Shackleton - Ranulph Fiennes
The enthralling life, endurance and incredible leadership of Sir Ernest Shackleton, told by the world's greatest living explorer, Sir Ranulph Fiennes.
To write about Hell, it helps if you have been there.
In 1915, Sir Ernest Shackleton's attempt to traverse the Antarctic was cut short when his ship, Endurance, became trapped in ice. What followed became legend.
Throughout the long, dark Antarctic winter, Shackleton fights for his life and the lives of his men - enduring freezing temperatures, a perilous lifeboat journey through the ice-strewn sea, and a punishing march across the South Georgia glaciers to seek the one slim chance they have of rescue. Their situation is disastrous.
Their survival would become history's most enthralling adventure. Yet Shackleton's critics have argued that the expedition was always doomed to fail. And that had Endurance not been destroyed by ice, his men would have suffered a slow and horrible death before completing their journey.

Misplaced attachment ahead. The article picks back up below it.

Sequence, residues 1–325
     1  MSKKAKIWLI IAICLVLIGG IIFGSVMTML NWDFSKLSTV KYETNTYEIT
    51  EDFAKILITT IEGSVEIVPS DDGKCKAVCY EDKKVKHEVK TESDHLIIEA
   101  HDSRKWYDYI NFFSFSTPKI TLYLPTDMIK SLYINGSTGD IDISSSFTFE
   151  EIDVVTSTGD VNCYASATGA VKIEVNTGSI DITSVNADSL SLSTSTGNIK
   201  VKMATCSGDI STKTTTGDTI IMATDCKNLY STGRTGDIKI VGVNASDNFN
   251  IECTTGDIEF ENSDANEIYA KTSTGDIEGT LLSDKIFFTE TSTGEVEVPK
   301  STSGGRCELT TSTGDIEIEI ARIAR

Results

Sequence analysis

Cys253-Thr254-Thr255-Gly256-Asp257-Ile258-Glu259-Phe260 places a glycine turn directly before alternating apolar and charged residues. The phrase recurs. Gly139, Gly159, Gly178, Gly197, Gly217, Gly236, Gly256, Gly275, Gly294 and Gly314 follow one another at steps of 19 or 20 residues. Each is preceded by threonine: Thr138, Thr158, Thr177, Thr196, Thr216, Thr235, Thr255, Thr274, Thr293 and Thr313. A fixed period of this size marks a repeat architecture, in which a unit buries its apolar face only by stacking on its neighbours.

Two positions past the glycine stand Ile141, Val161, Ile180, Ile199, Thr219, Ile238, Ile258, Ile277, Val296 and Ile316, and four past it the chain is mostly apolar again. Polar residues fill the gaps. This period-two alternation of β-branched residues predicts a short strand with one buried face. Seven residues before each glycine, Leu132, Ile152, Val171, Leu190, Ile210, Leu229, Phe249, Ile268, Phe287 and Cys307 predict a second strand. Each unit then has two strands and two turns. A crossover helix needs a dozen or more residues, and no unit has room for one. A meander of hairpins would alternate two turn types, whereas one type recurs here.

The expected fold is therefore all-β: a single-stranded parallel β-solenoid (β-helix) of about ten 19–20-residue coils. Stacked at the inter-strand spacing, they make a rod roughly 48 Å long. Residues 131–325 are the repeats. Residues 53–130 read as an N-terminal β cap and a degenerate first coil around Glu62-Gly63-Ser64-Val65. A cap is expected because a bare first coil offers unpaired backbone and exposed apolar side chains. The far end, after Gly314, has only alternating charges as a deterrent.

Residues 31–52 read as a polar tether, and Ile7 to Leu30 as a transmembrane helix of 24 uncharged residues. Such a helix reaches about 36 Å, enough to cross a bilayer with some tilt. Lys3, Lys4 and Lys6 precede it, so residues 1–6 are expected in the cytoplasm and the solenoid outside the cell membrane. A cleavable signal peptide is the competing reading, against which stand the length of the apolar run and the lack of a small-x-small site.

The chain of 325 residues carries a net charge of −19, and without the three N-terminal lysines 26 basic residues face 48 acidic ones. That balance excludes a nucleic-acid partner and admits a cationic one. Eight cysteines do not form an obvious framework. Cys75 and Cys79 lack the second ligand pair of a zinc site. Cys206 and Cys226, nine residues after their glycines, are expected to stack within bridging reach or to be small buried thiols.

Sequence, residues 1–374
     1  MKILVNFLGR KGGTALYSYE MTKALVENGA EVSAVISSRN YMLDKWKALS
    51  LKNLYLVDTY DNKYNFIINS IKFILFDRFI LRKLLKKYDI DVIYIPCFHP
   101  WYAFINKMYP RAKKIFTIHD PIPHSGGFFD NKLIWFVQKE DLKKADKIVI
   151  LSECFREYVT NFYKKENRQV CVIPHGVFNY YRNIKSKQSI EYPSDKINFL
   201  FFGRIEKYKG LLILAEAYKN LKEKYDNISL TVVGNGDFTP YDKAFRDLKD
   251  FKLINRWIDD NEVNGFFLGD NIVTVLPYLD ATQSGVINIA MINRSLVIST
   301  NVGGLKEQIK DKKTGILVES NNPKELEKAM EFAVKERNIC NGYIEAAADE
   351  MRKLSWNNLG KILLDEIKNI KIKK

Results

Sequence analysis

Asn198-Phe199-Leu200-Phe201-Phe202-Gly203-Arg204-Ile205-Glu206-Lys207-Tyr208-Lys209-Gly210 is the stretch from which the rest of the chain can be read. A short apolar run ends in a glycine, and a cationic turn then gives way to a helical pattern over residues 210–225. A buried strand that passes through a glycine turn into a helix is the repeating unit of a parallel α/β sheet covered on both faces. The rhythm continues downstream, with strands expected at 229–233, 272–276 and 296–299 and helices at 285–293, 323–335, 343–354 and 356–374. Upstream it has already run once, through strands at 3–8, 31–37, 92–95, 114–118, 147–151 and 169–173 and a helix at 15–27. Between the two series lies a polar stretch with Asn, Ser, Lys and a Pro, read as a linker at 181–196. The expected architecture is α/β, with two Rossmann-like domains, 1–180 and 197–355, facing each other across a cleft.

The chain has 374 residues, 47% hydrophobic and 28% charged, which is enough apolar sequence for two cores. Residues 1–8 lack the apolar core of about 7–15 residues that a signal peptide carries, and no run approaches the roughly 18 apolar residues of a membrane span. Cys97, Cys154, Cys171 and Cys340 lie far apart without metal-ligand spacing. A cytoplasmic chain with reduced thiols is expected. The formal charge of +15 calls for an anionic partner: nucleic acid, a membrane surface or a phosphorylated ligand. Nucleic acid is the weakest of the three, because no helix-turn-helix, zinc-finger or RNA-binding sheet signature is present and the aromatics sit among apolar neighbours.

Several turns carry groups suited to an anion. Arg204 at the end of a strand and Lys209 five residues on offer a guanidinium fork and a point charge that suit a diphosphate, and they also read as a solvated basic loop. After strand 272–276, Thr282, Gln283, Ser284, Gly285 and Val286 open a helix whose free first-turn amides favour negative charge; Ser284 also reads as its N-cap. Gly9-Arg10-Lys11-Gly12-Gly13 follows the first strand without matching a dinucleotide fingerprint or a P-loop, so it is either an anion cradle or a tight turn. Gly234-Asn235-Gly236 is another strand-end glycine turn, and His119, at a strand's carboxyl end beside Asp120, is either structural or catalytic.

No previous biographer has experienced even a tiny taste of the polar hell on earth endured by Shackleton and his men. That cannot be said of Sir Ranulph Fiennes, who has been described as 'our greatest living explorer'. From Shackleton's pursuit of adventure as a young merchant seaman, through his rivalry with Captain Scott, culminating in the two remarkable expeditions to Antarctica that revealed his unrivalled leadership and personal courage under the most extreme of circumstances, Fiennes brings the story vividly and viscerally to life, his own near-death on the ice, fifty years after his subject's death, providing the necessary proof to silence Shackleton's critics once and for all.